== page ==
Milka Gwatiringa sighs before narrating her ordeal of carrying a 12,3kg tumour for 11 years of her life and the stigma that she had to endure in her highly superstitious community.

Reflecting on how her dress size changed dramatically and how she appeared pregnant, Gwatiringa can only marvel at her “miracle”.

Last month, Parirenyatwa surgeons set a world record by successfully removing a kidney tumour that weighed 12,3kg from Gwatiringa’s bulging stomach.

She said the tumour was not only uncomfortable, but often drew scorn from her peers.

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“I lived my life as best as I could by continuing to work until the day I got admitted into hospital. I was healthy and could do most household chores, though I looked heavily pregnant.

It was heart-breaking that my children always wondered why I was pregnant, but never gave birth,” she recalled.

Gwatiringa had to fight off stigma in her community with some people claiming that she had been cast a spell known as runyoka or rukawo.

Runyoka or rukawo has since attained a modern nickname, “the human central locking system” and is secretly administered to unsuspecting partners, by their jealous or over-protective spouses.

Gwatiringa said she had resolved to accept the condition but her community made it difficult for her and often excluded her from social gatherings.

“I came to accept the new me and some colleagues did the same, but the stigma was traumatic because people could not understand what was wrong with me. Socially, people had their own theories and it was unbearable to me,” she said.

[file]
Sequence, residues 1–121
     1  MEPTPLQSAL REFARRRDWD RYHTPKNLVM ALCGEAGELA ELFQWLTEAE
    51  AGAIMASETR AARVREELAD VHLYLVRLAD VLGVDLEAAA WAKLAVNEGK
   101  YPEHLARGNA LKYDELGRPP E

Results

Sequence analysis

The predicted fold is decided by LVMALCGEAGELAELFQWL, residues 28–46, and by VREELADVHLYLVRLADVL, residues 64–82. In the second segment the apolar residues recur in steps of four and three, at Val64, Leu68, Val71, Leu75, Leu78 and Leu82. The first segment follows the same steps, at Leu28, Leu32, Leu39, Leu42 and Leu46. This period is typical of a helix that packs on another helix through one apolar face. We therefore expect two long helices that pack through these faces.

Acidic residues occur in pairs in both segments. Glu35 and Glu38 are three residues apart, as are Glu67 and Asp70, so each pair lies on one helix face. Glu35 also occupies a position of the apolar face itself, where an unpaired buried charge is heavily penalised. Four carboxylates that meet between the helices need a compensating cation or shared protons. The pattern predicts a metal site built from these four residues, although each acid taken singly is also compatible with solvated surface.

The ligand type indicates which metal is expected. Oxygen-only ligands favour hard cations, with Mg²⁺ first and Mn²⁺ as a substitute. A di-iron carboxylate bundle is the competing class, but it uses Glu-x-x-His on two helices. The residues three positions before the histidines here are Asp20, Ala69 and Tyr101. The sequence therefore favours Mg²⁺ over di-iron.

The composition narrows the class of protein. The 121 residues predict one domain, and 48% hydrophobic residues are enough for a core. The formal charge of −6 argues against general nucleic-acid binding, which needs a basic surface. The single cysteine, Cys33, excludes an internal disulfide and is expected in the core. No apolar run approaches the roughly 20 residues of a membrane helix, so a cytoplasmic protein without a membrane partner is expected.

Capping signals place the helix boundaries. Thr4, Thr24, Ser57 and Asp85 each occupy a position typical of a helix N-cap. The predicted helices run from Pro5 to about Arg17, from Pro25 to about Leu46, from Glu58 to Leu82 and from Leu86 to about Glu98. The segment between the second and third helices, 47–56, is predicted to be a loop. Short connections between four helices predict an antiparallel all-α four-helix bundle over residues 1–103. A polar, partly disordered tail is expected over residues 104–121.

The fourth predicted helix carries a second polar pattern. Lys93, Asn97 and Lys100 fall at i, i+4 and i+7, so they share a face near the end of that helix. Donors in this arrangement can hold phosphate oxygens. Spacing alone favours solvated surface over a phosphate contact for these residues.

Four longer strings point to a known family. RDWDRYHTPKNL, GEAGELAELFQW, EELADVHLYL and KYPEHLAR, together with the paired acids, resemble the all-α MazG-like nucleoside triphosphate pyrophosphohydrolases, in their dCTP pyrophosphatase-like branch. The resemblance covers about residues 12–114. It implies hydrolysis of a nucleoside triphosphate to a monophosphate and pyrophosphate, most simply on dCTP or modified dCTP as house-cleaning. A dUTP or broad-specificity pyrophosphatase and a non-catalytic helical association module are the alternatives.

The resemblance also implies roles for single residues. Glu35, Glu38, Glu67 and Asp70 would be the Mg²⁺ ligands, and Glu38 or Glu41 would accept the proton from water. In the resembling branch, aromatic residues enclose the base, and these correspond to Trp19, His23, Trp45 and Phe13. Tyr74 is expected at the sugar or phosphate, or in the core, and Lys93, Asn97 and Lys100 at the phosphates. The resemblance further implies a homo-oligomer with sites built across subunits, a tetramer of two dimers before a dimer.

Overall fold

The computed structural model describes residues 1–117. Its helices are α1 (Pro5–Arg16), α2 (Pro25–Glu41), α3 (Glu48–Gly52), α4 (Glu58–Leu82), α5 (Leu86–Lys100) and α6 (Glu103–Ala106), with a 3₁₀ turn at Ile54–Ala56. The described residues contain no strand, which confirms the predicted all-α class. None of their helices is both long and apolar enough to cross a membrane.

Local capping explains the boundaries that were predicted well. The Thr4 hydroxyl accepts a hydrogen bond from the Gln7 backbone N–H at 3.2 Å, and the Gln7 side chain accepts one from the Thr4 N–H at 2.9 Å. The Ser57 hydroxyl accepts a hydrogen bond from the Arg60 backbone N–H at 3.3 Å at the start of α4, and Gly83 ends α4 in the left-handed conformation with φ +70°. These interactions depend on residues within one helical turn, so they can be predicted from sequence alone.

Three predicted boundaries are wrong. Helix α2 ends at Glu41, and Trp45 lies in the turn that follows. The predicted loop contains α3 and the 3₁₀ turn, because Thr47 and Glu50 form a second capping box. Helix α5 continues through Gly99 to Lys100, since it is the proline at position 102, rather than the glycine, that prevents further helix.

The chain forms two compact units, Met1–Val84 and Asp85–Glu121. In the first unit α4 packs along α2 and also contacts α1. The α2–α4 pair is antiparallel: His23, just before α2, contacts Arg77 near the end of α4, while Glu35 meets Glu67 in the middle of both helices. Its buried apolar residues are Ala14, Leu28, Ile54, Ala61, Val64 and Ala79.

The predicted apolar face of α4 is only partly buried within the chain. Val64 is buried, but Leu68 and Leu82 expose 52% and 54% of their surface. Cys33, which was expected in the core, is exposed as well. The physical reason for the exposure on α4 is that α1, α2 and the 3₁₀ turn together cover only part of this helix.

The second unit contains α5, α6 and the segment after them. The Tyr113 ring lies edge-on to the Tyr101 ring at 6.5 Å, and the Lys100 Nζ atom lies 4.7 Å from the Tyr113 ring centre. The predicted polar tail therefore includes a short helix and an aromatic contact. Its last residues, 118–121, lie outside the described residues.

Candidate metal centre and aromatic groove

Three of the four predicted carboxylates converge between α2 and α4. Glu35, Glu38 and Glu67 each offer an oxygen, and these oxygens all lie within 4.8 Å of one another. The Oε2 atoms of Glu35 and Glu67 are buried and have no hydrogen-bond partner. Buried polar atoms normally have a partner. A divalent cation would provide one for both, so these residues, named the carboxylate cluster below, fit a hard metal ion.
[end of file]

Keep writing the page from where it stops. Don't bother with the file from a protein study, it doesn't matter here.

There were also constraints in raising money for scans that provided better body details than X-rays, the operation itself and feeding the family.

“There was a 50% chance of survival and it was impressed upon me that there were high chances of bleeding to death, since the surgery is considered risky and complicated. My family and children went through a stressful period,” she added.

Now she says all is in the past and she is adjusting to a new life, albeit with help of scans and medications which are financially draining.

“I’m on the road to recovery and I’m slowly adjusting to this new me, my wardrobe has completely changed to two sizes downwards, so it’s another big slap financially.

Parirenyatwa consultant urologist, Shingirai Meki explained how kidney tumours develop and how best they can be treated.

“Kidney tumours develop because of loss of regulation of kidney cells, the cells become independent from body signals, hence grow without control” he said.

“The good news is that most kidney cancers are found before they spread (metastasise) to distant organs and cancers diagnosed early are easier to treat successfully. However, these tumours can grow to be quite large before they are detected,” Meki said

Kidney tumours can only be removed by surgical operations and infections can be treated with antibiotics.

The kidneys are two bean-shaped organs, each about the size of a fist; they lie in the lower abdomen on each side of the spine. Their main function is to clean blood, removing waste products through urine.